|It was sacred
Norooz is never the same
By Shirin Tabibzadeh
March 20, 2003
As Norooz approaches, a feeling of nostalgia and yearning
fills my heart. The pain of a past long gone and the longing for a dear land that
I have not seen for more than two decades but can still revive its scents in my mind,
as if it were yesterday, sometimes becomes overwhelming.
Norooz had a special place in our household, it was something more than a tradition
or ritual. It was more than a celebration. It was sacred. We observed it in full
fledge. Ignoring a single element, it was instilled in our minds, could be a bad
Norooz was the time of mending the broken hearts, making up with the ones we had
hurt, extending a helping hand to the ones who were less fortunate, and a time when
doors were open all day long to family and friends, to the rich and the poor, and
you never were tired to receive people or to go from one place to the next and stay
for lunch or dinner wherever you happened, at that hour, to descend.
Mother fanatically observed every rule and every custom. From months before
Norooz she was thinking first about everyone's lebaas-e eid (New Year clothes)
and then khooneh takooni (spring cleaning) and then baking, with dear Zahra's
help, home made cookies, Baklava, Sohan, and the rest.
A few weeks before Eid, plates of grown wheat and lentils and ... would be seen on
a mantle or a table, or by the window pane. She might have decided to change a curtain
here, a tablecloth there, or just a set of new dinnerware for a change. The yard
was cleaned, the gardens plowed, spring flowers were planted, a bunch of daffodils
here, a few jasmines there, and the outside and the inside of the house would be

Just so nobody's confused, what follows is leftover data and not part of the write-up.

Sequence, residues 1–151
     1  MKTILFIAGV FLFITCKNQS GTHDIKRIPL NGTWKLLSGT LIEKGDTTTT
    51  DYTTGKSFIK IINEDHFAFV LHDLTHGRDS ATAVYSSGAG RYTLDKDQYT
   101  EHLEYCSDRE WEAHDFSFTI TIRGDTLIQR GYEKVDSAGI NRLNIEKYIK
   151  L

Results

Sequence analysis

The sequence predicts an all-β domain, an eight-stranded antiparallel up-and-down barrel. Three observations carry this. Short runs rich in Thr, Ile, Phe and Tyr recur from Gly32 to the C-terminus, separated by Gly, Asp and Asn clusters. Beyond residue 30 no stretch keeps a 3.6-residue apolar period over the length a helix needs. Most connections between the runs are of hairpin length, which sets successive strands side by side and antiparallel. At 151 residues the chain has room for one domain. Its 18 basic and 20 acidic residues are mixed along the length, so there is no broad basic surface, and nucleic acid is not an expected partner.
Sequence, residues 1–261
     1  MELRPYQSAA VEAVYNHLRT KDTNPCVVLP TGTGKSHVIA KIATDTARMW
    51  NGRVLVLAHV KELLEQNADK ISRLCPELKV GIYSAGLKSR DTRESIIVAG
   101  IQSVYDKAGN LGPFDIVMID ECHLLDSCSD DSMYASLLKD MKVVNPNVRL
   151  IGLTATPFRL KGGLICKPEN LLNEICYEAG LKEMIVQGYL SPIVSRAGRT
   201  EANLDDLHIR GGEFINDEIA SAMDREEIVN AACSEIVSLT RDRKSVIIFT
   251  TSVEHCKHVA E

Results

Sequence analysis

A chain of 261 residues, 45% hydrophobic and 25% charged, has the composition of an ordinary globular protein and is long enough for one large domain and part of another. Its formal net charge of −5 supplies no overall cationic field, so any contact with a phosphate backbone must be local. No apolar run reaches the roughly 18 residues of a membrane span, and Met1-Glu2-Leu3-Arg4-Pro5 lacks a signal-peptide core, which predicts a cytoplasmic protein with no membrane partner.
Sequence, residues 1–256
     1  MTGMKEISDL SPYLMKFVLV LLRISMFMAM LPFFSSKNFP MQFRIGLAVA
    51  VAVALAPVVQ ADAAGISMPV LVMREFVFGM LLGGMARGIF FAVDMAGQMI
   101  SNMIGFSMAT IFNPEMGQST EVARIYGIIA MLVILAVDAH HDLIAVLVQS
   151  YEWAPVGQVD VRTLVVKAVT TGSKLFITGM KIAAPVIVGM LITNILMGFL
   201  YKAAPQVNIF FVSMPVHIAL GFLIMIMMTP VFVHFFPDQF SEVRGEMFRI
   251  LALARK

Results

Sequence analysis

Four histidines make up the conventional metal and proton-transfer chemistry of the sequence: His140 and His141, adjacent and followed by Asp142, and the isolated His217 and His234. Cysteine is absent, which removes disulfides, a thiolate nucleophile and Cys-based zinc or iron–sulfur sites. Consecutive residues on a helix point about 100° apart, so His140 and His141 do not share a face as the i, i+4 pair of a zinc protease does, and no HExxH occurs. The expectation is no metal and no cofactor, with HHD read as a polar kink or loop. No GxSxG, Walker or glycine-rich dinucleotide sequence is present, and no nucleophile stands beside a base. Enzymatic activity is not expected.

painted, with its annual paint.
Though a bit on the chubby side, mother was truly beautiful, with ivory skin, hazel
eyes, and long chestnut hair, most often bundled with a pin on the back of her head.
Mother was a perfectionist and quite adamant in her ways. Nothing made her more uneasy
than taking the traditions lightly or ignoring the trend. She was the planner of
every event, the one to balance the household budget, the one to oversee the children
with whatever they were doing at a given day. She was the center of our love and
our awe, the one who had the last word and -- usually -- had to be obeyed. A strong
headed, energetic, strict woman but at the same time the kindest and the most sensitive
of all time and a perpetual worrier for the things that might go wrong.
Father, on the other hand, was the essence of serenity and peacefulness. He was adored
by all, attracted people's respect with no effort. A learned educated man for his
time but humble and kind towards a child, a grown up, a beggar or a king. He would
sometimes disappear on a weekend for an hour or two and when I asked him "where
were you father?" he would say "Nowhere dokhtar jaan, just visiting
a friend," and then immediately he would say "promise you never forget
those who need a friend." And I did not know what he meant exactly. It was only
after his death that we came to know the families he had helped.
The children had never even heard him raise his voice, or impose his thoughts, or
pretend as if he knew it all. He had something that made you love him and respect
him no matter what. Friends and family asked his advice. His words were uttered with
such sincerity and demonstrated such wisdom that it was hard to discard.
The relationship between father and mother remained loving, cordial and cherishing
to the end. When he talked about her, looking at you with his piercing huge brown
eyes, it was pure admiration: "If you only had seen her when she was young"
or "I am sure mother knows", or "She has an exquisite taste",
and mother's most effective threat would be "I will tell your father when he
gets back", and that was that.
It was amazing how this strong-headed, extremely smart and knowledgeable woman, revered
and respected her beloved man. HER untold frequent messages to her children were
"Be the kindest and the most humble but also be strong, persevering, and brave."
No matter at what precise time the winter gathered its wings to fly over the mountains